That dime in the second pic was an attempt to see if the solution would dissolve coin silver. Looks like it just dried on the surface. Same thing happened with copper (though I thought I saw a hint of blue in the droplet, inconclusive but I didn't have enough to just soak the whole coin in solution)

Something kind of neat happened when I rehydrated the leftovers of the crystal puddle and then put the water on a copper penny (pre 1986)


Sorry for the poor quality. I really need to use my good camera but the phone is so darn convenient. This is a puddle of naked solution next to the dried remains of "rehydraded crystal puddle." I inspected the crystal crater closely today. The metal underneath is really shiny, and the crystals have taken a blue-green tinge. So the mixture of solution with unknown alkali will attack copper. Might try it on the silver tonight as well, just for the funz. By itself not too exciting, but I plan on using this solution for plant experiments for now, so these metals are just testing some of the properties.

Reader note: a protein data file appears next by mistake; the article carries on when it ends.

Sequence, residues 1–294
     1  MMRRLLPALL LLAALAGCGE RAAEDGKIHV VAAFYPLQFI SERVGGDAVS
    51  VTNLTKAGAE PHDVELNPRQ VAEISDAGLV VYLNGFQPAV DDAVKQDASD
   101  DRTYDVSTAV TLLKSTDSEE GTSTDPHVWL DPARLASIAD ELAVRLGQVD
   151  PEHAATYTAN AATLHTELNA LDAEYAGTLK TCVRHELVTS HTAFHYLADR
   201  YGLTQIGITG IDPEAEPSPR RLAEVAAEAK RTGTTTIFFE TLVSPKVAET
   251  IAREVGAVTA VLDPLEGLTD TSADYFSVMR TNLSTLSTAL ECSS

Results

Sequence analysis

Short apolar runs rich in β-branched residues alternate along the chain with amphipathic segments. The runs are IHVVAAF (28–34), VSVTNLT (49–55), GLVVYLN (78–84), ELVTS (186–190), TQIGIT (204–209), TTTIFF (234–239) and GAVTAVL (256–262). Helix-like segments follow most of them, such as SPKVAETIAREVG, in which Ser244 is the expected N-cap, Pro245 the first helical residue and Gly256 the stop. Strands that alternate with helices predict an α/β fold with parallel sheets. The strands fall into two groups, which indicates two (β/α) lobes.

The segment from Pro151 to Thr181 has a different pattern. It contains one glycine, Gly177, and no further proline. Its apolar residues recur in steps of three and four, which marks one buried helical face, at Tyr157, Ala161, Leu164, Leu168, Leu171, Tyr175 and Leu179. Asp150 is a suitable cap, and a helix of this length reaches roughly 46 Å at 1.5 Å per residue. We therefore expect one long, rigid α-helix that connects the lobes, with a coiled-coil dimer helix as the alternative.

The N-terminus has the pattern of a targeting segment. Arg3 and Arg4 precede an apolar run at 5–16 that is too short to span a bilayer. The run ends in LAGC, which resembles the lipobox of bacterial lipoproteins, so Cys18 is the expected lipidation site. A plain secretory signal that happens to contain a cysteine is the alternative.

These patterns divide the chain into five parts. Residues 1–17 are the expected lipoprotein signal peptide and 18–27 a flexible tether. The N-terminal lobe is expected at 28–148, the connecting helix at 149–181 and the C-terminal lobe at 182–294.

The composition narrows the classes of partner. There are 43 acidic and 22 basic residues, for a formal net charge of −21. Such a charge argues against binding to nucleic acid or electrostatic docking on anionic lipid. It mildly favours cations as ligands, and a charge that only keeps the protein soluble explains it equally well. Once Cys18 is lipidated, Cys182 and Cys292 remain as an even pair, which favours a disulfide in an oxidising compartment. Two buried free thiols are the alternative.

I added the remaining solution to two tiny jars. One had some frankincense crushed, and the other alkali plant salts (that mixture I'll try on the silver dime tonight). Nothing too special. The plant salt dissolved with no noticeable precipitate, though it's a little cloudy. The bottles were put on BM temps overnight and opened this morning, at which time the frankincense mixture spontaneously made fizzies. So it's digesting the resin in some way or another.

I was going to use plant salts for the second iteration, but after the pink salt being so interesting, I'm currently bubbling some NaCl at a higher temp with some broken glass for boiling chips and catching the vapors. There may or may not be an invisible trace of blood on one of them ... Glass is sharp.

I think EM is doing his own experiments with pink salt, and if anyone wants to repeat the process or try other salts with us, feel free to post results. I'll put the metaphysical theory in another post on this thread, cause this is getting long.